“So you called her,” Rachael whispered.
“I didn’t know what else to do.” Her father looked down at her. “We talked. She wants you to live at her house for a year.”
Rachael didn’t understand. It felt like all the sounds in the room stopped and ice was pouring down her ears. “At her house?”
“To keep anyone at the hospital or at school from finding out about you. Soon, you’re going to start changing into…an animal of some kind, and you’re not going to be able to control it at first. She can teach you how to control it.”
“She’s one, too,” Rachael whispered.
“I wish mom were here instead.”
Rachael’s dad looked mad.
“Why do you look mad?” she asked.
“Why did she leave us?” he asked. “Why won’t she talk to us?”
“She was kidnapped,” Rachael whispered.
“No,” her dad said. “Your Aunt Kitty said she ran away.”
Rachael closed her eyes again; it hurt too much to look at her dad. If her mom came back when he was in this mad mood, they’d have to get a divorce or something. “Maybe she’s lying. You said they hate each other.”
“I trust her,” her dad said.
“Because.” And then he wouldn’t say any more.
Someone knocked on the door, and Rachael turned her head toward it. It was bright in the hallway, and all she could see of the person was a black shape.
Raul said, “May I come in, Mr. Baptiste?”
Rachael’s dad said, “Yeah, go ahead.” He stood up, stretched, and said, “I’m going for a walk. I’ll be back in a few minutes.” He let Raul in and closed the door behind him.
Raul had a bunch of flowers with him. They were the same kind of flowers that grew in the tall grass in front of the school, and they were tied together with a rubber band. He dumped them on a side table and sat down in the chair where her dad had been sitting.
“You’re turning into an Exotic,” he announced.
“That’s what dad said.”
“Your dad knows?”
“Mom told him.”
Raul shook his head. “She told us he didn’t know.” The patterns his short, short hair made on the top of his head seemed to swirl as they went by, making her dizzy. She closed her eyes and swallowed back another tiny bit of vomit.
“You have to get out of the hospital before you start to change,” Raul said.
“I’m going to my Aunt Kitty’s house.”
Raul sighed. “Good. I’ve heard of her. Her house is called Xanadu House—” he pronounced it zan-a-doo— “It’s a safe place to go, if you’re an Exotic. Doesn’t matter whether you’re part of the Animal Lovers’ Club or a Shadow Dog. It’s safe. She’ll take anyone.”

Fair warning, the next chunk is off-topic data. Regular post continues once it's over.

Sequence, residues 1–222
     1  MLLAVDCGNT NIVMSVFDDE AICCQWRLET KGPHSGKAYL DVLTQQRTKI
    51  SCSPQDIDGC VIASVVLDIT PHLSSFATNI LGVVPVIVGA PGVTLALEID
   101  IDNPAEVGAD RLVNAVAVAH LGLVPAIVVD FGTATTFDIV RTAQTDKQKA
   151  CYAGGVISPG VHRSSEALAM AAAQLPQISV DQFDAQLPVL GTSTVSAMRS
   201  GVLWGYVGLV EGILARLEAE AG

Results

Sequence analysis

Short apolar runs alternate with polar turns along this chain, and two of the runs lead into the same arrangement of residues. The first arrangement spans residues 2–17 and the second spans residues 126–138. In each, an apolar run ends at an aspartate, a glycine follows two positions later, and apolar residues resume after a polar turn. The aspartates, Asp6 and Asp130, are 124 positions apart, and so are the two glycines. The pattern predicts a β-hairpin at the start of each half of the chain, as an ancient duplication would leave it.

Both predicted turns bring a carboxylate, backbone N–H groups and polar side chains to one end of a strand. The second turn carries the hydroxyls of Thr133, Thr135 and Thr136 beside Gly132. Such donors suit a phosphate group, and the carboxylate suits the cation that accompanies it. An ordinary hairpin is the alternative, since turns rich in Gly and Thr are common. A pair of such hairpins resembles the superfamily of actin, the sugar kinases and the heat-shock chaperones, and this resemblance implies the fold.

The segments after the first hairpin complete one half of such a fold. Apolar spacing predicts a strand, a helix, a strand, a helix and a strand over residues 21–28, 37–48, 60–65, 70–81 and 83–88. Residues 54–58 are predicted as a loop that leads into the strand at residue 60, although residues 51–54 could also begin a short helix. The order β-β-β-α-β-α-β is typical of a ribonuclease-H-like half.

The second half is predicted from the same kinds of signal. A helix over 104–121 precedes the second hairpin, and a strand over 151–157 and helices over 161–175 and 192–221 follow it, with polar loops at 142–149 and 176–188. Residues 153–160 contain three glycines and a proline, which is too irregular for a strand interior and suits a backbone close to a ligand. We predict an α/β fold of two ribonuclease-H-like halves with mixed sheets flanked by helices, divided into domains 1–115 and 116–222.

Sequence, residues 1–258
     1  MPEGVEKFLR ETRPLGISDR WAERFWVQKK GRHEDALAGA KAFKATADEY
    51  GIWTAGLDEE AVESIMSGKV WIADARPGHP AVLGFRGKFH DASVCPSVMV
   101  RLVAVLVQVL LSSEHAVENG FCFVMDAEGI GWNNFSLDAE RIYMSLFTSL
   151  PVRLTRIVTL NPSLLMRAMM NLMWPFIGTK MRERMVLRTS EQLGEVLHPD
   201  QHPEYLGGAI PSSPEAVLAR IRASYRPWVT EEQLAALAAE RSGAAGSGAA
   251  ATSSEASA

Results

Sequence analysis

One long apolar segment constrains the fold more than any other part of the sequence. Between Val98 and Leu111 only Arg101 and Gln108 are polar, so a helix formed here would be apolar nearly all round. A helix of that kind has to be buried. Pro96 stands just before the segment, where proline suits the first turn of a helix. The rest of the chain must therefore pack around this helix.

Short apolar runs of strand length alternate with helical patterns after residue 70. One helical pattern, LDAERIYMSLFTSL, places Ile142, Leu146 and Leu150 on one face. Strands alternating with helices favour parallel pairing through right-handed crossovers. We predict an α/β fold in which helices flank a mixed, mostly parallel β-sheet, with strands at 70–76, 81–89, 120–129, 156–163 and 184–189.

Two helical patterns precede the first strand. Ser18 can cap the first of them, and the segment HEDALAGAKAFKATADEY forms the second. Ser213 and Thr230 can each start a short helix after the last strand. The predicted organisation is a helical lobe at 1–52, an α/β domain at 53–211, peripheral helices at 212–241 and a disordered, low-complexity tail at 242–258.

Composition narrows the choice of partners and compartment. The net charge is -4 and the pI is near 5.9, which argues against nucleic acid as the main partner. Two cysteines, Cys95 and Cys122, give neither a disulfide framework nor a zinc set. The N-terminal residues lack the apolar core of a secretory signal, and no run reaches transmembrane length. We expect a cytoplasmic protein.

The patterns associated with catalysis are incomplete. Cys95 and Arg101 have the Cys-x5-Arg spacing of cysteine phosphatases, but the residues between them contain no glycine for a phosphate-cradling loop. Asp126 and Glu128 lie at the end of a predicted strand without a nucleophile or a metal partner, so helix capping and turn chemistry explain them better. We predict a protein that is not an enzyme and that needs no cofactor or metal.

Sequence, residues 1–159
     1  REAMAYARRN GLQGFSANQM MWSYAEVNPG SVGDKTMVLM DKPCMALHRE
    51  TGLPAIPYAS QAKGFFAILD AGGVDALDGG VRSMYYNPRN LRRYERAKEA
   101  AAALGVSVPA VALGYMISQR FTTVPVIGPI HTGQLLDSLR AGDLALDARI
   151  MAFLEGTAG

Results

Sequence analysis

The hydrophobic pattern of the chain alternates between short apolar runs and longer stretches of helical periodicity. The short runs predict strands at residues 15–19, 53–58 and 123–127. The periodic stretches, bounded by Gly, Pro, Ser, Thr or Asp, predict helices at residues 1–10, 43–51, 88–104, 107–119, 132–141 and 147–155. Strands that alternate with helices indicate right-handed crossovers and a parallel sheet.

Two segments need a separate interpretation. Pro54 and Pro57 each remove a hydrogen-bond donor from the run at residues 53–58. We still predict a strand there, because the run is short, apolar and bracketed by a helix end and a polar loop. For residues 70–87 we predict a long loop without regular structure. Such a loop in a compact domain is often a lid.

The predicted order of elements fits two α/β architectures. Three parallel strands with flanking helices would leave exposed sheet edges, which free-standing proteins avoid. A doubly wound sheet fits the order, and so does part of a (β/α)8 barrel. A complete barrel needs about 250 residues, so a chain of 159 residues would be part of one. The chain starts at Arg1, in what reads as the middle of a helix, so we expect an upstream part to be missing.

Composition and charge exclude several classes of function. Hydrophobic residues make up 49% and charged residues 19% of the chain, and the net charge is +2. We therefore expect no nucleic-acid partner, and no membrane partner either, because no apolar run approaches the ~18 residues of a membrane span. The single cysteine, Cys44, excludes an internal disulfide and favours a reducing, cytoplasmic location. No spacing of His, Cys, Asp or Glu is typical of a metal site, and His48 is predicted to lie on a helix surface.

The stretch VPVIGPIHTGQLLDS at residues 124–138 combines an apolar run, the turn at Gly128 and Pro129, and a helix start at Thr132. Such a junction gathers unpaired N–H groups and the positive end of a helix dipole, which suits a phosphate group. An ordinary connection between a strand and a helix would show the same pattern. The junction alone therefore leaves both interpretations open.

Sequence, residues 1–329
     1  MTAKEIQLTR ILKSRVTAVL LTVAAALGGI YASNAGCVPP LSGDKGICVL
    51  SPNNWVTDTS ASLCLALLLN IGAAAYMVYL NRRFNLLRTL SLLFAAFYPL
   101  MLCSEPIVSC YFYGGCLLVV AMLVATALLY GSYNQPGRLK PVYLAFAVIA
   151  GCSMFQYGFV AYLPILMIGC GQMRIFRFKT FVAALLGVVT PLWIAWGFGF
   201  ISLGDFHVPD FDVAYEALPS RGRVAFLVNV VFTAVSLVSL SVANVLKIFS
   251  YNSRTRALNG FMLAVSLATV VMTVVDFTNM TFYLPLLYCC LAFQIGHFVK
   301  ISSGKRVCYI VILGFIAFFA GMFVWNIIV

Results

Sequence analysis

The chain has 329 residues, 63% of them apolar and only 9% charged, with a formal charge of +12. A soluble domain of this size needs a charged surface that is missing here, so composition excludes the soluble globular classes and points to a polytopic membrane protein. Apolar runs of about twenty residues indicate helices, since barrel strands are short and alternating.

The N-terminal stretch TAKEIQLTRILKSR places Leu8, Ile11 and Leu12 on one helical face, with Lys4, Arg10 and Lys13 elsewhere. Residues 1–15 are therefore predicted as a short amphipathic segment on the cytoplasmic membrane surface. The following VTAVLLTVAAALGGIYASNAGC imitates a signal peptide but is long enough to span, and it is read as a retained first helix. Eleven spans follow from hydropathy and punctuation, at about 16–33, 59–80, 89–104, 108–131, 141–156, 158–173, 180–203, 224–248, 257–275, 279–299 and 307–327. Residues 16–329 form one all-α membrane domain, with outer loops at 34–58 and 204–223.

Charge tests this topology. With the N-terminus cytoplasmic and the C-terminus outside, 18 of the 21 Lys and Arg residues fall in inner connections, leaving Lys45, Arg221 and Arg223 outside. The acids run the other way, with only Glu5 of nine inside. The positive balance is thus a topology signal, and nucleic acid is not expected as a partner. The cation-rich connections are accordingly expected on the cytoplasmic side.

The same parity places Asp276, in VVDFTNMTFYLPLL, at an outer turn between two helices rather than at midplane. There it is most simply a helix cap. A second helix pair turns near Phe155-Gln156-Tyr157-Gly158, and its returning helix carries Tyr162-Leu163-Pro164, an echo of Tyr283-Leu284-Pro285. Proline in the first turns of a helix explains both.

“She and my mom hate each other, dad says,” she whispered.
Raul shrugged. His arms were skinny under his school uniform shirt. She tried to remember what he had looked like as a wolf, but it was hard.
“You’ll probably be at least this sick for a couple of months,” Raul said. “It takes a long time, and it doesn’t really get better until the end. It’s pretty bad when your bones start moving around. Your mom said she was sick for a whole year. I guess turning into an insect is pretty hard.”
“I hope I turn into a wolf like you,” she said. Actually, she really wanted to turn into a panther, so she could be beautiful and sneaky at the same time.
Raul looked down at his hands. “It’s not that great. I have to go now.” He stood up.
“Thanks for the flowers,” she whispered.
“Yeah.” He walked toward the door but stopped before he opened it. “I’m sorry I’m so mean to you.”
“It’s okay,” Rachael said. She was used to boys being mean to her; it wasn’t like she was a kindergartener anymore.
“I don’t want to be your boyfriend.”
She wished he would stop saying that. “Okay.”
“Can we be friends when you get back? Not boyfriend girlfriend. Just regular friends? But secret. Because you’re a girl.”
“Okay. No matter what my mom says when she gets back.”
Raul looked at his feet. “Maybe she’ll be back soon.”
Rachael coughed; it sounded like tiny things were popping inside her. Suddenly she couldn’t stop coughing. Raul left. Her dad came back, sat in the chair, and read a magazine. Rachael went back to sleep.
The next time she woke up, her dad was gone, it was night out, and the window curtains were open. The rubber band had been taken off Raul’s flowers, and they were in a vase with some water. The rubber band was on the table next to the vase.
Rachael tried to reach the table. There were tubes of clear liquid taped to her arms; the tubes seemed to make her arms too heavy to lift. She touched a tube. It hurt; something under the tape was poking her. She’d seen movies where people in hospitals had stuff taped to their arms, so she left them alone. Eventually, she reached the rubber band. She put it around her left wrist, where it wouldn’t touch the tubes.
There was a bright orange flower with curling petals and black spots in the vase now. She was sure she would have noticed it if had been there before; the rest of the flowers were all white or purple, except for a dandelion that had curled up and turned brown.
Who had brought the extra flower?